In this post, I will show you how to optimize your Rcpp loops so that they are 2 to 3 times faster than a standard implementation.

## Context

### Real data example

For this post, I will use a big.matrix which represents genotypes for 15,283 individuals, corresponding to the number of mutations (0, 1 or 2) at 287,155 different loci. Here, I will use only the first 10,000 loci (columns).

What you need to know about the big.matrix format:

• you can easily and quickly access matrice-like objects stored on disk,
• you can use different types of storage (I use type char to store each element on only 1 byte),
• it is column-major ordered as standard R matrices,
• you can access elements of a big.matrix using X[i, j] in R,
• you can access elements of a big.matrix using X[j][i] in Rcpp,
• you can get a RcppEigen or RcppArmadillo view of a big.matrix (see Appendix).
• for more details, go to the GitHub repo.

Peek at the data:

print(dim(X))
## [1] 15283 10000
print(X[1:10, 1:12])
##       [,1] [,2] [,3] [,4] [,5] [,6] [,7] [,8] [,9] [,10] [,11] [,12]
##  [1,]    2    0    2    0    2    2    2    1    2     2     2     2
##  [2,]    2    0    1    2    1    1    1    1    2     1     2     2
##  [3,]    2    0    2    2    2    2    1    1    2     1     2     2
##  [4,]    2    2    0    2    0    0    0    2    2     2     0     2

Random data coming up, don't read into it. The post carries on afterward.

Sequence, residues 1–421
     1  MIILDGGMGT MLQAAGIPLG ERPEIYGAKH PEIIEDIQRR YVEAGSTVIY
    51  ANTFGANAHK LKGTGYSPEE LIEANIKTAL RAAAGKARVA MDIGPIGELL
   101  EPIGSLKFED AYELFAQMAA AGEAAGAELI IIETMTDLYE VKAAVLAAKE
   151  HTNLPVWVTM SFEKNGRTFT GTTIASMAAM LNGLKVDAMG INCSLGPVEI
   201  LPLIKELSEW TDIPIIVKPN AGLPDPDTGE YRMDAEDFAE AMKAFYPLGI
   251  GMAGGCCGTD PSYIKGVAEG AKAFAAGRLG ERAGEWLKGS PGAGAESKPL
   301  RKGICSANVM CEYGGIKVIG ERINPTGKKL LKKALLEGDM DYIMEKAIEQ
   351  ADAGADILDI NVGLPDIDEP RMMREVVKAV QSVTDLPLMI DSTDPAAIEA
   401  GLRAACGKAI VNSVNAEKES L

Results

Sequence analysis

##  [5,]    2    1    2    2    2    2    2    1    2     2     2     2
##  [6,]    2    1    2    1    2    2    1    1    2     2     2     2
##  [7,]    2    0    2    0    2    2    2    0    2     1     2     2
##  [8,]    2    1    1    2    1    1    1    1    2     1     2     2
##  [9,]    2    1    2    2    2    2    2    2    2     2     2     2
## [10,]    2    0    2    1    2    2    2    0    2     1     2     1

### What I needed

I needed a fast matrix-vector multiplication between a big.matrix and a vector. Moreover, I could not use any RcppEigen or RcppArmadillo multiplication because I needed some options of efficiently subsetting columns or rows in my matrix (see Appendix).

Writing this multiplication in Rcpp is no more than two loops:

// [[Rcpp::depends(RcppEigen, bigmemory, BH)]]
#include <RcppEigen.h>
#include <bigmemory/MatrixAccessor.hpp>

using namespace Rcpp;

// [[Rcpp::export]]
NumericVector prod1(XPtr<BigMatrix> bMPtr, const NumericVector& x) {

MatrixAccessor<char> macc(*bMPtr);

int n = bMPtr->nrow();
int m = bMPtr->ncol();

NumericVector res(n);
int i, j;

for (j = 0; j < m; j++) {
for (i = 0; i < n; i++) {
res[i] += macc[j][i] * x[j];
}
}

return res;
}

One test:

y <- rnorm(ncol(X))

print(system.time(
test <- prod1([email protected], y)
))
##    user  system elapsed
##   0.664   0.004   0.668

What comes next should be transposable to other applications and other types of data.

## Unrolling optimization

While searching for optimizing my multiplication, I came across this Stack Overflow answer.

Unrolling in action:

// [[Rcpp::depends(RcppEigen, bigmemory, BH)]]
#include <RcppEigen.h>
#include <bigmemory/MatrixAccessor.hpp>

using namespace Rcpp;

// [[Rcpp::export]]
NumericVector prod4(XPtr<BigMatrix> bMPtr, const NumericVector& x) {

MatrixAccessor<char> macc(*bMPtr);

int n = bMPtr->nrow();
int m = bMPtr->ncol();

NumericVector res(n);
int i, j;